The History of the Royal Palace
The beginnings of the residence of Poland’s rulers on Wawel hill hark back to an early Romanesque stone building from mid-11th century, called the palatium, whose remains are located in the northern wing of the present-day castle.
Over time the residence on the hill was expanded eastwards. Together with the cathedral, it comprised the Upper Castle, while the Lower Castle encompassed the houses of the courtiers and clergy, as well as several churches.
In the 14th century the castle was considerably expanded by King Ladislaus I the Short (r. 1306–1333) and his son Casimir III the Great (r. 1333–1370), who built an imposing Gothic residence consisting of several buildings grouped around an irregular courtyard in the eastern part of the hill. During the reign of Ladislaus II Jagiello (r. 1386–1434), at the turn of the 14th century, a Gothic pavilion, called the Danish Tower, was added to the castle. No further changes were made to the complex until the fire of 1499.
Around 1504, King Alexander I (r. 1501–1506) commissioned the German architect Eberhard Rosenberger of Koblenz and the Italian sculptor and architect Francesco Fiorentino to rebuild the residence in the Renaissance style. Alexander’s brother Sigismund I the Old (r. 1506–1548) continued this enterprise from 1507. By the time of his death in 1516, Master Francesco, the author of the decorative stone bay window in the western wing, had erected the eastern wing of the castle and had begun the construction of the arcaded galleries. The work was continued by Master Benedict and then by the celebrated Bartholomeo Berrecci (the builder of the Sigismund Chapel at Wawel Cathedral). Following Berrecci’s death in 1537, Niccolò Castiglione and Matteo the Italian continued the work of building the royal residence. The interior decorations were created by sculptors and wood carvers including Sebastian Tauerbach and Hans the Wood-Carver, who built the wooden ceilings, and painters, who decorated the walls with friezes and painted royal portraits. The castle’s halls and chambers became even more resplendent when Sigismund II Augustus (r. 1548–1572) acquired a collection of magnificent Flemish tapestries.
The Renaissance palace with its beautiful arcaded courtyard has survived to the present day. With its impressive monumental layout, spacious, brightly lit interiors, and magnificent use of architectural forms derived from ancient art, which were employed here for the first time in Poland, the building represented a breakthrough in the development of Polish architecture. In the 16th century the castle was the primary site of the sessions of both the sejm (lower house of parliament) and senate (upper house).
After the fire of 1595, a part of the castle’s northern wing was rebuilt in the early Baroque style by Sigismund III Vasa (1587–1632) who employed two Italian artists, the architect Giovanni Trevano and the painter Tommaso Dolabella. From the time the royal court permanently relocated to Warsaw in about 1610, the Polish monarchs resided at Wawel only occasionally, for lavish weddings, coronations, and funerals. In 1702, another destructive fire consumed part of the castle. Although it was later restored, the castle never again attained its original splendor.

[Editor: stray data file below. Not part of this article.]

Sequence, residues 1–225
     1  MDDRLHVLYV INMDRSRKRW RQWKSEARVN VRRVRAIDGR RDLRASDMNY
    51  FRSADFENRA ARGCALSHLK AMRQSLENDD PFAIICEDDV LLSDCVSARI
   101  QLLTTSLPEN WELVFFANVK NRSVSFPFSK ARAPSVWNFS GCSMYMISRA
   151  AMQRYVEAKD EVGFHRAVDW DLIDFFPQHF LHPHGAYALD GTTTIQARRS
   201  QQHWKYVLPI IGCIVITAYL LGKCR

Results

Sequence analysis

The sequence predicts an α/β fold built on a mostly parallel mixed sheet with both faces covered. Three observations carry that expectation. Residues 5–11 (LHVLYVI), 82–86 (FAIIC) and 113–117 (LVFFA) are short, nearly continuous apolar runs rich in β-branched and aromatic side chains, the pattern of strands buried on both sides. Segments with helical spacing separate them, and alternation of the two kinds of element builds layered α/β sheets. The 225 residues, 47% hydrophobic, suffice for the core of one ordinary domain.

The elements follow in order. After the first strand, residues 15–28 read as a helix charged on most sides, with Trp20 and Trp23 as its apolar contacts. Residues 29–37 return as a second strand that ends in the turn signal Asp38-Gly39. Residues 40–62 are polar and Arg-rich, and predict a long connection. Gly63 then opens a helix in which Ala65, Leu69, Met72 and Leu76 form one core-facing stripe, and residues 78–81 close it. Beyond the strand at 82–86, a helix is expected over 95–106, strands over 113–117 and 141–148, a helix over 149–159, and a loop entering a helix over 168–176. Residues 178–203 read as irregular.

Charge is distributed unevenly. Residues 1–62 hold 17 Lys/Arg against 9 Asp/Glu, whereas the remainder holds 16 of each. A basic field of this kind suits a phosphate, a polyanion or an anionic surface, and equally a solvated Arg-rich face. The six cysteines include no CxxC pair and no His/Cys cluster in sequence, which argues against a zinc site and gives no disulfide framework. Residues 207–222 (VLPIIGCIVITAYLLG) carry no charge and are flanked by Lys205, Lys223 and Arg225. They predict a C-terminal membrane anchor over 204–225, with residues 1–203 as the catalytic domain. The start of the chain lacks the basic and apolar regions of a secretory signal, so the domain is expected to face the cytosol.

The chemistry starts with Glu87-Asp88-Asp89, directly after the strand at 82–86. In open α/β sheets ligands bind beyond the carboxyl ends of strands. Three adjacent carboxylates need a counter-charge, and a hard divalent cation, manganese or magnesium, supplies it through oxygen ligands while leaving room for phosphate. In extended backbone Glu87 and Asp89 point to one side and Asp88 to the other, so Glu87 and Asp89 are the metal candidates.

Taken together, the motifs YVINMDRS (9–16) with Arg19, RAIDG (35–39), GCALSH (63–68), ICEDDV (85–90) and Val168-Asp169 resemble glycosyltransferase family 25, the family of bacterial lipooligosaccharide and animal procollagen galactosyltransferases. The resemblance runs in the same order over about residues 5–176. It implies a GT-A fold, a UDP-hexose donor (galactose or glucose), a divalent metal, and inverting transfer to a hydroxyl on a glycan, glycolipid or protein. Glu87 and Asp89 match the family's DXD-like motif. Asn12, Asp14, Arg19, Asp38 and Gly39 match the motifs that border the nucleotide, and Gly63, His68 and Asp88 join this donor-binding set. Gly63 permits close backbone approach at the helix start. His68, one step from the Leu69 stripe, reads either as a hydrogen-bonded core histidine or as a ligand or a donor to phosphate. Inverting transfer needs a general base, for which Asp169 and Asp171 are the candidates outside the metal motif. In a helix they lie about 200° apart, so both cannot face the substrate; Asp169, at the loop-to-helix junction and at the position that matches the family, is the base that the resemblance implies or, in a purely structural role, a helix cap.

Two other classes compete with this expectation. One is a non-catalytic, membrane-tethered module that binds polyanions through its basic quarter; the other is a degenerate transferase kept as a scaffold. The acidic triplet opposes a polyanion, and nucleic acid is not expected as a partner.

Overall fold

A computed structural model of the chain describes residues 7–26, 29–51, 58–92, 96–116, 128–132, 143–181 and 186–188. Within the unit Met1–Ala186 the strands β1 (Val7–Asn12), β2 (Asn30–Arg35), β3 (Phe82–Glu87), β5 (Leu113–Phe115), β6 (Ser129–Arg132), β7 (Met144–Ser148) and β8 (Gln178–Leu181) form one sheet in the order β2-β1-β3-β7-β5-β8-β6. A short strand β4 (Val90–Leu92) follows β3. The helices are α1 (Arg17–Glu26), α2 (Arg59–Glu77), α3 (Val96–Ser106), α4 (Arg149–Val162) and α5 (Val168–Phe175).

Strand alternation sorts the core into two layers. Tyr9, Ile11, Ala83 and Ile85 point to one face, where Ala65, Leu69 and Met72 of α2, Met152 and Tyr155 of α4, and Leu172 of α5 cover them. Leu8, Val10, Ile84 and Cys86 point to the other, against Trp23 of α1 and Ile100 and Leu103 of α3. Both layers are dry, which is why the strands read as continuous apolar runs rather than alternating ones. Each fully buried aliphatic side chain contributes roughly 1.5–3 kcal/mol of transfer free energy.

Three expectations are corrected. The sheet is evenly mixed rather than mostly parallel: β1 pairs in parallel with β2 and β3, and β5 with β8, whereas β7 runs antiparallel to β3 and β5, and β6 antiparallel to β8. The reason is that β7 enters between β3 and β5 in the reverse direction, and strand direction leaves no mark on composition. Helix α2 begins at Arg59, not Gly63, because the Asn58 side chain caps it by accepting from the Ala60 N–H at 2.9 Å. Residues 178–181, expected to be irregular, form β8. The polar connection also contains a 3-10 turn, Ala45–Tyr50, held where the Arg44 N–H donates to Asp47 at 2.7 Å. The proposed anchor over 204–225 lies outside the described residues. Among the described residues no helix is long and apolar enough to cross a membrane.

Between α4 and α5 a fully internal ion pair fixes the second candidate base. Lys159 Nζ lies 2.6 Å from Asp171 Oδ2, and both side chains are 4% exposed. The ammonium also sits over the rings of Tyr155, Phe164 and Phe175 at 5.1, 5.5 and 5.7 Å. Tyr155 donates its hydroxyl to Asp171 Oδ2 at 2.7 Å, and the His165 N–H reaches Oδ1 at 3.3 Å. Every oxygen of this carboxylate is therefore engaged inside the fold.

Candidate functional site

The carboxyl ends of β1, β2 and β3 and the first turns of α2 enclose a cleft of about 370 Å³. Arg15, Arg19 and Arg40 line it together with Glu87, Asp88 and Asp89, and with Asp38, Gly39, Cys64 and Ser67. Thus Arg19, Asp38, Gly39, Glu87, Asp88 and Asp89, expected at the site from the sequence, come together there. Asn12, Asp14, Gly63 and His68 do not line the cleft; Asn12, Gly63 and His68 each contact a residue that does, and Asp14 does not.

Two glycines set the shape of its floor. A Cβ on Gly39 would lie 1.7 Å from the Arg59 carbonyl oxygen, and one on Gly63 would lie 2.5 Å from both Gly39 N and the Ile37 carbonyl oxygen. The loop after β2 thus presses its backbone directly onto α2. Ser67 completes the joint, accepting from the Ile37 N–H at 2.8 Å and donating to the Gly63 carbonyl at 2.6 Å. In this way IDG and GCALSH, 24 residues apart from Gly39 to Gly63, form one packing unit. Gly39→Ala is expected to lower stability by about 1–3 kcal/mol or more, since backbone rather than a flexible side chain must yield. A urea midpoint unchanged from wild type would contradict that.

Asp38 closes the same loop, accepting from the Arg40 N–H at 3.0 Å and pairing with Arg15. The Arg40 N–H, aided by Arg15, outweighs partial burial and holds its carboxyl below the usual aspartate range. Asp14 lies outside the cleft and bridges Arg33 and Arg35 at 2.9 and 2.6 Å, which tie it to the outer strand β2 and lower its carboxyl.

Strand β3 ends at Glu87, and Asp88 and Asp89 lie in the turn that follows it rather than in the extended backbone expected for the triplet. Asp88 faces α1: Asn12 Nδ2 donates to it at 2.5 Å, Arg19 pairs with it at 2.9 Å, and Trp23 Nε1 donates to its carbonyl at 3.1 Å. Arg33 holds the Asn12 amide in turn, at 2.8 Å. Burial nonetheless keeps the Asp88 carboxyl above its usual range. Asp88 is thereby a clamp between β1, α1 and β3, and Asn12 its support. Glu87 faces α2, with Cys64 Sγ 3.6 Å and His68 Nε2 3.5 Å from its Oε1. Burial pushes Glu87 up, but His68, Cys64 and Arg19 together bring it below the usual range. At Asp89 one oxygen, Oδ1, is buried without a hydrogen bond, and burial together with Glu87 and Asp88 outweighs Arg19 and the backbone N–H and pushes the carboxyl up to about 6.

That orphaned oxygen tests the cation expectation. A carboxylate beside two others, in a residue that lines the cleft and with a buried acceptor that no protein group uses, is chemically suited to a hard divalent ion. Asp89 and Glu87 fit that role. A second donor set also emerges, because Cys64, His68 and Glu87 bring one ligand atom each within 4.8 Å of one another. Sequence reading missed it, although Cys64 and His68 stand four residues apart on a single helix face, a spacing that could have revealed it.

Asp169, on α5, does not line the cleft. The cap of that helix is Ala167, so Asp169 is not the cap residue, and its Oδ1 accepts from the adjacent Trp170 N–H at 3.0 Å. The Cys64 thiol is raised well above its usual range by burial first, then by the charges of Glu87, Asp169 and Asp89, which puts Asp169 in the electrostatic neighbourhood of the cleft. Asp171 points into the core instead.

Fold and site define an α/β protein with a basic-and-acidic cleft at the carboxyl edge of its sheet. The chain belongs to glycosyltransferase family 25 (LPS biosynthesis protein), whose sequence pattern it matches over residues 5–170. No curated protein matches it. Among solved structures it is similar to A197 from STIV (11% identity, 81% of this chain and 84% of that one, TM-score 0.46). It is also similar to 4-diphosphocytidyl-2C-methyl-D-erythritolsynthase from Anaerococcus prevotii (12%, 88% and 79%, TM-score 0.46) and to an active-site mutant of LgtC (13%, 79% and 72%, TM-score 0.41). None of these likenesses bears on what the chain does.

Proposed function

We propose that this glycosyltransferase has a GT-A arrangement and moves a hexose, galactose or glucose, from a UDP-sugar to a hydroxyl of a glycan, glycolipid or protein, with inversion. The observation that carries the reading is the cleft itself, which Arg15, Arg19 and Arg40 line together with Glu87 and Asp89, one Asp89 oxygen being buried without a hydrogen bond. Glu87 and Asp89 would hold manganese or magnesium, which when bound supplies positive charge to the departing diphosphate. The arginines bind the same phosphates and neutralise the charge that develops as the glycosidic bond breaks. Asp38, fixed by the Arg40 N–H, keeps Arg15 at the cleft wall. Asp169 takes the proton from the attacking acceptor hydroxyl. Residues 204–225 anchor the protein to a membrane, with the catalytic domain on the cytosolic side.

At the end of the 18th century, the Polish-Lithuanian Commonwealth was partitioned by Austria, Prussia, and Russia, finally ceasing to exist as a state in 1796. The Austrians took over the castle and turned it into an army garrison. In the early 19th century, as part of the adaptation work, the arcaded galleries were bricked over. A lengthy restoration project was embarked upon after the Austrian army had quit the castle in 1911 and it had reverted to Polish control. The restoration lasted half a century and returned the castle nearly to its original condition. The restoration project was led by first the architect Zygmunt Hendel then by Adolf Szyszko-Bohusz, also an architect, who was in charge from 1916 until World War II. Resumed after the war, the restoration was overseen primarily by the architect and monuments conservator Alfred Majewski. The next major restoration project was carried out in the 1990s.
Wawel Royal Castle’s museum collection was initiated in 1882 with history painter Jan Matejko’s gift of his monumental canvas The Prussian Homage (now on deposit to the National Museum in Cracow). Over the years, the collection of the museum being developed in the castle chambers was cultivated through gifts, bequests, and purchases, as well as the restitution of looted works of art. The core collection – the Flemish tapestries of Sigismund II Augustus looted by Russia in the 18th century – was restituted after 1921 on the power of the Treaty of Riga. Shortly after the outbreak of World War II, the Poles succeeded in evacuating the most valuable objects, including the tapestries and the coronation sword “Szczerbiec,” to Canada from whence they returned in 1959–1961. With their return, four permanent exhibitions were installed and continue to be systematically enlarged through new acquisitions. In 1994, the Wawel museum received a significant collection of Italian Renaissance paintings from Karolina Lanckorońska.